Elizabeth Bennett, left, and Sara Luther look over some of the many African items they collect and sell. As a gay Christian, Bennett says she is trying "to create discussion and change." (Helen H. Richardson, The Denver Post )
By Electa Draper
The Denver Post
Article Last Updated: 10/22/2008 10:50:56 PM MDT
Elizabeth Bennett sits in her Denver church contemplating the elephant in the sanctuary that few polite Episcopalians want to mention.
Bennett grew up in the Episcopal church. She sang in the choir. She was married in one and baptized her five children there. Her mother's ashes are buried under a tree outside an Episcopal church in Massachusetts.
But being openly gay now in the Colorado diocese, she says, is like being given "half-a-loaf acceptance."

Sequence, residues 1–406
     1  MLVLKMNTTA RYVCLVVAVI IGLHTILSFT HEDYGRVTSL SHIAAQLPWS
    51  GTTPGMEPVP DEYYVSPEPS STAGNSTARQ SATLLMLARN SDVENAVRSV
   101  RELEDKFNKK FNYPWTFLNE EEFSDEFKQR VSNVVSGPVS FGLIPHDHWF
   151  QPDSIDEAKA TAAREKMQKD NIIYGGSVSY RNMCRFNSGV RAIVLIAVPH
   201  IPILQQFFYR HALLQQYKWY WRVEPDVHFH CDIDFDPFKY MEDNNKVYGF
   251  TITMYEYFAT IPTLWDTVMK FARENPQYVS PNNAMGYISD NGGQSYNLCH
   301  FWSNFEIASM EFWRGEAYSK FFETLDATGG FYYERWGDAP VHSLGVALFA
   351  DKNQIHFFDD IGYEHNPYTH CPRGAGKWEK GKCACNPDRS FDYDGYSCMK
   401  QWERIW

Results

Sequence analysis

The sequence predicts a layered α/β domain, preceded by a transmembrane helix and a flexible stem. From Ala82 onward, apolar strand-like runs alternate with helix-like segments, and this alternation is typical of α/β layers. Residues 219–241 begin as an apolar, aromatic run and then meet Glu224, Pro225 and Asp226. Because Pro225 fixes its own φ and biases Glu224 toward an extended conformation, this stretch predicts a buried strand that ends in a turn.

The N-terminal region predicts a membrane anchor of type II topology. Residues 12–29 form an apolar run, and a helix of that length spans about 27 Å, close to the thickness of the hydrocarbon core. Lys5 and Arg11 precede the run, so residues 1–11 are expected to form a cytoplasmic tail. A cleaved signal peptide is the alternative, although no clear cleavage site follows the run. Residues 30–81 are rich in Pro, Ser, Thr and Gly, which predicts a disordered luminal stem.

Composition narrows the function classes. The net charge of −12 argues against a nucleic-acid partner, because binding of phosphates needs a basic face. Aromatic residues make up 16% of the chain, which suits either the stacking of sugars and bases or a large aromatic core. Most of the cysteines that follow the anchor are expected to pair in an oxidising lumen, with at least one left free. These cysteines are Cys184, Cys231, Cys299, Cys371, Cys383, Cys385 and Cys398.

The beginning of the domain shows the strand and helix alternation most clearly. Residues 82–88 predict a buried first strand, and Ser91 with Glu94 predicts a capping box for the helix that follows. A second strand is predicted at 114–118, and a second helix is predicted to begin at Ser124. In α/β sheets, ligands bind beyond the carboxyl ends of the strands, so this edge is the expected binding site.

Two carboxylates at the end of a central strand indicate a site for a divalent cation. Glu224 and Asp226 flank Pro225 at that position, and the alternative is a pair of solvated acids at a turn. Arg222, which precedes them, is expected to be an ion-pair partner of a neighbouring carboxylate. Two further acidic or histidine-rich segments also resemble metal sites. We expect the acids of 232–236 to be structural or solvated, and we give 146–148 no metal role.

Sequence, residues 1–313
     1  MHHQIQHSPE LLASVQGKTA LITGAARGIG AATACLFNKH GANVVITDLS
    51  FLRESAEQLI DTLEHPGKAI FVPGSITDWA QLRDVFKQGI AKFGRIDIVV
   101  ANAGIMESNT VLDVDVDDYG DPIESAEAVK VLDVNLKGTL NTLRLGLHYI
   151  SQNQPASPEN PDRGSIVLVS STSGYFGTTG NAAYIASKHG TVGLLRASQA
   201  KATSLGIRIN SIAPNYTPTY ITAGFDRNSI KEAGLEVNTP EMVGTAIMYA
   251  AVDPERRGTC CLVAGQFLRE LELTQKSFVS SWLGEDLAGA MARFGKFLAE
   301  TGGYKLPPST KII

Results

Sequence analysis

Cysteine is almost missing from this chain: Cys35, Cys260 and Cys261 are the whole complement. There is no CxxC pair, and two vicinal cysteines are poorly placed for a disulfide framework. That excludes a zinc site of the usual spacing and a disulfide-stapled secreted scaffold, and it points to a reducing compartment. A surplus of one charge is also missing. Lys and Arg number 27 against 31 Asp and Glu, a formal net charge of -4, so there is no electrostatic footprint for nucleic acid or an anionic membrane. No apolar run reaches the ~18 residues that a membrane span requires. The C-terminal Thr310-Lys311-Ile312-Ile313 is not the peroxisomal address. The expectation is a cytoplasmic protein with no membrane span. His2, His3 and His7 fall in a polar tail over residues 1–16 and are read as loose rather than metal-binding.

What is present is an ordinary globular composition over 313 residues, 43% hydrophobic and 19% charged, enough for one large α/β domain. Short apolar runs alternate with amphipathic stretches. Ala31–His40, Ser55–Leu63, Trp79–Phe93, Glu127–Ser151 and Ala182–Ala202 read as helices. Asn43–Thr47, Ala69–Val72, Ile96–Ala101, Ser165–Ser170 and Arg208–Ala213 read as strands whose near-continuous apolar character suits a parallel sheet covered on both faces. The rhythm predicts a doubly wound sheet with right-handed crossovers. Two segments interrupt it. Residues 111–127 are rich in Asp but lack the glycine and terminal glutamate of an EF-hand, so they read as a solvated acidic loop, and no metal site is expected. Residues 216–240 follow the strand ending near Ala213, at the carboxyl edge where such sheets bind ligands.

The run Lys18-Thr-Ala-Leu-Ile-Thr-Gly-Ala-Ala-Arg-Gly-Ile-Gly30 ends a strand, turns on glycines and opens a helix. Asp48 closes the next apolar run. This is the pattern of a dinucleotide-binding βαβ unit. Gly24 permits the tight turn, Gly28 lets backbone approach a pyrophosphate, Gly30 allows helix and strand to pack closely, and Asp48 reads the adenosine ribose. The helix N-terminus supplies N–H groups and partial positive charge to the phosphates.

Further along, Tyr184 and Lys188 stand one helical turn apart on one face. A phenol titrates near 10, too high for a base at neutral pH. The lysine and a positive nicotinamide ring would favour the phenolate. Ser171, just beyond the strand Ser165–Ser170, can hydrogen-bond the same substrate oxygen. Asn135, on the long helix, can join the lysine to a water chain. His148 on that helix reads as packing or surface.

Gays are offered some sacraments but not others.
"I've gotten mine. But this is wrong — to go to church, have potlucks and not care about other people's rights," said Bennett, 59.
And, she said, the pain of partial acceptance is the pain of rejection.
"There are places in our lives where we truly want to be loved," Bennett said.
The church's hope is that a moratorium on blessing gay unions and ordaining openly gay priests — "passionate patience" — will help hold the fracturing American church together and keep it part of the larger, less liberal international Anglican Communion.
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